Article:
The pineapple is an old symbol of hospitality and can often be seen in carved decorations (untufted pineapples are sometimes mistaken for pine cones). Quoted from http://w…ww.answers.com/main/ntquery?s=pineapple&gwp=13 "Other Uses and Trivia"
NO it is not the symbol of Baptism! . . No it is not the symbol of Baptism!
A pineapple is the symbol of welcome.
No, it is a symbol for welcome.
This is fun
It has a long history of being a symbol of hospitality in many cultures. When Christopher Columbus landed on Guadalupe in the Caribbean, the natives there used it in may feast…s and religious rites. When brought it back to Europe, its sweetness and uniqueness made it very popular and in great demand. Later King Charles posed with one in his official portrait. In colonial America, it was a table centerpiece for visitor dinners. It was a symbol of the warmest welcome that a hostess could give and was oftentimes served as dessert. Visitors were given the bedrooms that contained beds on which pineapples had been carved. It became a symbol of wealth and affluence, as only the most could afford them. Given as a gift, it was very appreciated. Today it still continues as a symbol of welcome. .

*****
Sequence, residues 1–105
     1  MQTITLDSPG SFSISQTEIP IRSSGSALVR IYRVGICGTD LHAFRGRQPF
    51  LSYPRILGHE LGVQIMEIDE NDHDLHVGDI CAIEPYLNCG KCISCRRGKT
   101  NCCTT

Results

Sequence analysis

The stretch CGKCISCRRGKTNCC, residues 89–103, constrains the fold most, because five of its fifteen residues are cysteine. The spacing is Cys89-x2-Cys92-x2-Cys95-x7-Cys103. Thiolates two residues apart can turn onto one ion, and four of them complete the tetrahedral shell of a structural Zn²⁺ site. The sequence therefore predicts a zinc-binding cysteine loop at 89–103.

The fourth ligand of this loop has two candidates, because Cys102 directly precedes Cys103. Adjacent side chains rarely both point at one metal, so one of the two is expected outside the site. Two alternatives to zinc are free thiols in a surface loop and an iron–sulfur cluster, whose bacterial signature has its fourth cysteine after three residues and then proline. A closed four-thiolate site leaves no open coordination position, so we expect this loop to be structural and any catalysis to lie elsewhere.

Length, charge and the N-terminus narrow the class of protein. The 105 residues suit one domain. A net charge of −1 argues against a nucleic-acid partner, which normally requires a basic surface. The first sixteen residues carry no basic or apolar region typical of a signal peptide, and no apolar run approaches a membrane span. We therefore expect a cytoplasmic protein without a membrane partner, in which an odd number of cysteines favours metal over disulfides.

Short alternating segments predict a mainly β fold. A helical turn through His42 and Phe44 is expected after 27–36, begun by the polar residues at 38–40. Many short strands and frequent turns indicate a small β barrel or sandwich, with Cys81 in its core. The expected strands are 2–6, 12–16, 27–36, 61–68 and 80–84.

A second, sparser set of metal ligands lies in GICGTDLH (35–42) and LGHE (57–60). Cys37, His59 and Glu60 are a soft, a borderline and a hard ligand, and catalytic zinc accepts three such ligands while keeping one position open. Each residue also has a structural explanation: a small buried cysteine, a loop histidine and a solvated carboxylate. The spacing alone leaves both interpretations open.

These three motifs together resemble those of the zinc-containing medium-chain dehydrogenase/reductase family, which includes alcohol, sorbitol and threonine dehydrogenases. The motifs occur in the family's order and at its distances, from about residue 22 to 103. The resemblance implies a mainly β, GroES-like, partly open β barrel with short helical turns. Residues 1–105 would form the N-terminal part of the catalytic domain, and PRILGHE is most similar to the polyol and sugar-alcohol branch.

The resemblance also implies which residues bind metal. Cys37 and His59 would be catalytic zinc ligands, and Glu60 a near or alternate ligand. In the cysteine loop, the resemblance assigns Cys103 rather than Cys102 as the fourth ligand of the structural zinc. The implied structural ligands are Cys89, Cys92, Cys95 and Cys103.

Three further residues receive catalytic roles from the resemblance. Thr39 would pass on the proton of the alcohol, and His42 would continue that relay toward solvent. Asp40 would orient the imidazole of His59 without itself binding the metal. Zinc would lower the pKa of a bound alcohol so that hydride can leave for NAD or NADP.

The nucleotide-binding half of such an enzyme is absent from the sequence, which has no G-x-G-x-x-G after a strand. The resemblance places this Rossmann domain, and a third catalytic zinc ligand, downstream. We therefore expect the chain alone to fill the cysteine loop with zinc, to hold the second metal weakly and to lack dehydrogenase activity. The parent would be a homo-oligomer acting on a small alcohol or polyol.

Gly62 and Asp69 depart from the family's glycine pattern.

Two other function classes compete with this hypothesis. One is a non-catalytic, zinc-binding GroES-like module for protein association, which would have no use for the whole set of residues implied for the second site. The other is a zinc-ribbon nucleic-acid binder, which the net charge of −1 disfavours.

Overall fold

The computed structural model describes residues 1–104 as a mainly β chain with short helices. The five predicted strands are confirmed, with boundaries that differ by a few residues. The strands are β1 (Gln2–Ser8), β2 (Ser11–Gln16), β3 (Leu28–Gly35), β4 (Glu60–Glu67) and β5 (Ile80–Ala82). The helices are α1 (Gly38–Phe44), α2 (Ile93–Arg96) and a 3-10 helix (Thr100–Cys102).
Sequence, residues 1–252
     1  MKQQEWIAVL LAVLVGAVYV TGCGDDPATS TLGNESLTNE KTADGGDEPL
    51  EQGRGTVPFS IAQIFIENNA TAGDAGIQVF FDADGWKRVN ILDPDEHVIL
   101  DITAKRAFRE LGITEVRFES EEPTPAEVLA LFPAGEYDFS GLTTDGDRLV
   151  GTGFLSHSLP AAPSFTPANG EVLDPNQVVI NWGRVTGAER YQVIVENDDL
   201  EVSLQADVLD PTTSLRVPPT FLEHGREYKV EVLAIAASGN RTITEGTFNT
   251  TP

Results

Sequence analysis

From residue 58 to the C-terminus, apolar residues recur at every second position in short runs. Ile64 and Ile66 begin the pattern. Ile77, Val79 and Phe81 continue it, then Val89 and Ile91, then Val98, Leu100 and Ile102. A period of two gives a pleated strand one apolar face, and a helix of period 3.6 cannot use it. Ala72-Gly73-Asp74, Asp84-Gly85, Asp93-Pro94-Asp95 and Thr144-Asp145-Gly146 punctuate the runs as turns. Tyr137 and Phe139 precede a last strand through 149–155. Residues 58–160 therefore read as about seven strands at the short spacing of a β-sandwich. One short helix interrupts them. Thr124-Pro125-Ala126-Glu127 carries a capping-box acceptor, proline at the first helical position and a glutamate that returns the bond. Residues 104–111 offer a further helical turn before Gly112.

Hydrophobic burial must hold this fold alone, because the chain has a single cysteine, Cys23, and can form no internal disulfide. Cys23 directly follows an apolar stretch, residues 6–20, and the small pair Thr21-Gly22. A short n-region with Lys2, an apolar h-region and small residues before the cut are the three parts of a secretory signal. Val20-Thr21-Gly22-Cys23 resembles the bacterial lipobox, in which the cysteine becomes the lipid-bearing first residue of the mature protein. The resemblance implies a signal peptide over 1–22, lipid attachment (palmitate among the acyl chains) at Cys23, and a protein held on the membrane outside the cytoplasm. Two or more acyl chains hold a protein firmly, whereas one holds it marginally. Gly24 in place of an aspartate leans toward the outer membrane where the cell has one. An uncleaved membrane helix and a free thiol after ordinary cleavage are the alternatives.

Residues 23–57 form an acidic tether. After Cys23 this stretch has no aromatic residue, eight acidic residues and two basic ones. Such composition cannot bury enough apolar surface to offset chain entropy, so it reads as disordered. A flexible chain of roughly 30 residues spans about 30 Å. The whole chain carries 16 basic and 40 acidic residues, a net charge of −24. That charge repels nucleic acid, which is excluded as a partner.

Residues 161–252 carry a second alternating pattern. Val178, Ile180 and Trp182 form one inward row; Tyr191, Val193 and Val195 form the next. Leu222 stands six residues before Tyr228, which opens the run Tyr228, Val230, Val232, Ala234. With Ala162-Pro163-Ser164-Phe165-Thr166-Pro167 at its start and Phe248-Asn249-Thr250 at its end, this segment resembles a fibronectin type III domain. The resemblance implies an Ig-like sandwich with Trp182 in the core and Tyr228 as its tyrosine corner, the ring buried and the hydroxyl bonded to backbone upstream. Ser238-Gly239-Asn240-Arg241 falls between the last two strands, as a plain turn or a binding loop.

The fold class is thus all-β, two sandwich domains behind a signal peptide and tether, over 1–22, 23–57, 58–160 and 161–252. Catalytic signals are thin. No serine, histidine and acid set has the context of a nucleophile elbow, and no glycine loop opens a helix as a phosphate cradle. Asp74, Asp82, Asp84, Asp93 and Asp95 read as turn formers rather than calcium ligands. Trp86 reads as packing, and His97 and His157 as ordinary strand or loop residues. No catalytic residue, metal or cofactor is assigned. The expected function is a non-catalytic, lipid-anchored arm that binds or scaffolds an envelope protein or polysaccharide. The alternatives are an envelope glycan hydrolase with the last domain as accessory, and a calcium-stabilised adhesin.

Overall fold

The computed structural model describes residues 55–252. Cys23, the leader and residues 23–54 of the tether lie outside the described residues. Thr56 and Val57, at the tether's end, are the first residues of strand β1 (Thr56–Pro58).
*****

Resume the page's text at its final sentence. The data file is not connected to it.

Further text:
a pineapple symbolises summer and tropical fruits found in tropical places such as Hawaii.
I am thinking Hawaii Welcome and Hospitality
Because a pineapple was in the script in the pilot episode so the writers decided to make something fun out of it.
It is normally the capital letter H that is used to denote a hospital. The plus or cross sign indicates a medical doctors office or pharmacy or other medical institution.
the meaning of the parts of the pineapple in hospitality industry